Week 1: Saul to Paul

Week 1: Saul to Paul

Read Acts 9:1-31; Ch. 13; Phillipians 3:4-8

Memorize Romans 8:28

1. Pride before God

The name Saul: “Asked for” or “Prayed for”

The name Paul: “Small” or “Humble”

Saul, persecutor of Christians, had a name that meant he was “the one asked” or “prayed for,” and after his conversion, his name becomes “humble.” The popular view would say that God would take a man from a lowly position to higher. God humbles those he loves and calls.

“I(God) will show him(Saul) how much he must suffer for my name’s sake”

2. Religion to God

How could Saul be persecuting the church, and yet be considered a “Hebrew of Hebrews”?

Think of this! In his own mind, he believed that by persecuting Christians, he was honoring God!

How could this happen? Can you imagine the fear that he felt, when God spoke to him and said “Why are you persecuting me??”

Imagine living your life, convinced you were serving God, while all along, you were persecuting his church!

Don’t forget that Saul was more versed in the scriptures than many of us today. After all, he was a jew of jews! He had spent his entire childhood devoted to memorizing and studying the Old Testament scriptures. The hatred he had for the christian church was fueled by his passion for the Mosaic Law. To Saul, he was doing the right thing. Keeping people from proclaiming Jesus as Christ and the Savior of the World was honoring to God, in his mind. In all that he did, he believed it was working toward his righteousness, not from it.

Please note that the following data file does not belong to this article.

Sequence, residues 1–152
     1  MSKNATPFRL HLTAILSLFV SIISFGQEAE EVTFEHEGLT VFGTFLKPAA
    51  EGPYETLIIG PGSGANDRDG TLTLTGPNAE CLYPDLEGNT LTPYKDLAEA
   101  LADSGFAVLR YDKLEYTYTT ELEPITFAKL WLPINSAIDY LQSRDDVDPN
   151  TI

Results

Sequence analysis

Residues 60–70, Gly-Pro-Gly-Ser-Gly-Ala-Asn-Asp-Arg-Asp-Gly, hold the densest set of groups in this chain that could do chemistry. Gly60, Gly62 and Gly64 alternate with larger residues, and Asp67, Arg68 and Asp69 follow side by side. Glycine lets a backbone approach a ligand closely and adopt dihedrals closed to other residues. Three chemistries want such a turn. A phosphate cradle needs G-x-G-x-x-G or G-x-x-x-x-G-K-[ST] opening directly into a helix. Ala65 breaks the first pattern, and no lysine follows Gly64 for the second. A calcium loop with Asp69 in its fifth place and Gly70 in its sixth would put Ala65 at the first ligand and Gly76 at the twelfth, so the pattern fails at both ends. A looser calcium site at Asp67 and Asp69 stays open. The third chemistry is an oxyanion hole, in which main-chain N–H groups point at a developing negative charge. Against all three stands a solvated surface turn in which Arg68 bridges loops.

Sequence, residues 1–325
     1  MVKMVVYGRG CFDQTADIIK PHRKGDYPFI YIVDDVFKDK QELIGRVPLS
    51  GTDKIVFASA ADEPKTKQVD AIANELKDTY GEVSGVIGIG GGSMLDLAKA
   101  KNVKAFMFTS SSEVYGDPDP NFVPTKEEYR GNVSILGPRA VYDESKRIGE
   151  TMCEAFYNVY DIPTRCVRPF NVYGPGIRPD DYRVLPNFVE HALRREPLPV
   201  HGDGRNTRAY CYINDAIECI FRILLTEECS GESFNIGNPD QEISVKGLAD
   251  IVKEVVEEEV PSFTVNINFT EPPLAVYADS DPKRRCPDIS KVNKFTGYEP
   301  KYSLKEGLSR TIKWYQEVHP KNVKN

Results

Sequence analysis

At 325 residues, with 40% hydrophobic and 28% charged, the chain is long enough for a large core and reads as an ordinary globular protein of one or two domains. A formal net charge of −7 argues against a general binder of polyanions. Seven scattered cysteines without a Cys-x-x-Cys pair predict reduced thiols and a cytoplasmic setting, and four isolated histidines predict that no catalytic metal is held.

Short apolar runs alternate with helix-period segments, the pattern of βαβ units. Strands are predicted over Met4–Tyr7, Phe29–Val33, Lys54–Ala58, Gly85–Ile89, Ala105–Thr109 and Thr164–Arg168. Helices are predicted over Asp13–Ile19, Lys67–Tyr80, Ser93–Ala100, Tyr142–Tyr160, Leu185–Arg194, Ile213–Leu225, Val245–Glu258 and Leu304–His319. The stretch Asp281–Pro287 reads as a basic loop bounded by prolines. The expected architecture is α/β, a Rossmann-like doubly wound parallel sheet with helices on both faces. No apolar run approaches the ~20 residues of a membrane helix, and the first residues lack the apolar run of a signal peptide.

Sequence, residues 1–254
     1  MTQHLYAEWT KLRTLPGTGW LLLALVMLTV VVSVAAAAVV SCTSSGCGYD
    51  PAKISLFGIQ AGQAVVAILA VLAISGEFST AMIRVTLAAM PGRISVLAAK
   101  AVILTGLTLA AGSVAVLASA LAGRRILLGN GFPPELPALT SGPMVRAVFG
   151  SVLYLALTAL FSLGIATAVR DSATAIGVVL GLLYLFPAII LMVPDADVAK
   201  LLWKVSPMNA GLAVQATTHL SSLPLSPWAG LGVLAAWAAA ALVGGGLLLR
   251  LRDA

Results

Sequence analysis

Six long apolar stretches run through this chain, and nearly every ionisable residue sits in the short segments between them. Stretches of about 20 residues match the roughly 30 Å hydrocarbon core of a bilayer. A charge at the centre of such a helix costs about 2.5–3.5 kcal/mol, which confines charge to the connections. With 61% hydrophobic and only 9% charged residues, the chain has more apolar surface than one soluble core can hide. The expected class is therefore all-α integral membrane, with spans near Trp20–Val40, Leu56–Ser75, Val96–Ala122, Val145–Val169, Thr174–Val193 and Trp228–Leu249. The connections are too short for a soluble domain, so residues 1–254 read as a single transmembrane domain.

It makes me want to know the Word of God more! What if I’m leading people in a way that I’m convinced is toward God, but actually from Him? Let’s pray, even now, that God would be the focus, not our religion as we sing and as we lead!

“Saul, why are you persecuting me?”

For 3 days Saul prays and fasts, and God sends Aninias to Saul.

Acts 9:15 “Go for he is a chosen instrument of mine to carry my name before the Gentiles and kings and the children of Israel. For I will show him how much he must suffer for the sake of my name.”

3. Hoping in God.

We see many doubters of Saul, and we couldn’t blame them for it! How many of us have seen people, especially famous celebrities, politicians that come forward to apologize. And it’s so easy for us to doubt. Saul was clearly known to many, and feared by many. Praise God for the ones that trusted God, and trusted that the Holy Spirit was at work in the life of Saul!

Imagine the dedication God was asking of Saul, to turn from the persecutor to the instructor. To look, face to face, at the one’s that feared him, and bring them the gospel of Christ. We could infer that Saul didn’t have many friends early on, yet we know that through him, the entire world would be changed. May we never doubt what God can do in a person’s life. Praise God for the strength of those that went against all doubt in hope of God!

For Next Week:

Paul, the former Saul, is now writing to the church in Rome. Over the next week, be reading Romans 1:1 and think about how this verse would have been written by Paul. Think of the emotions attached to every phrase.

(47)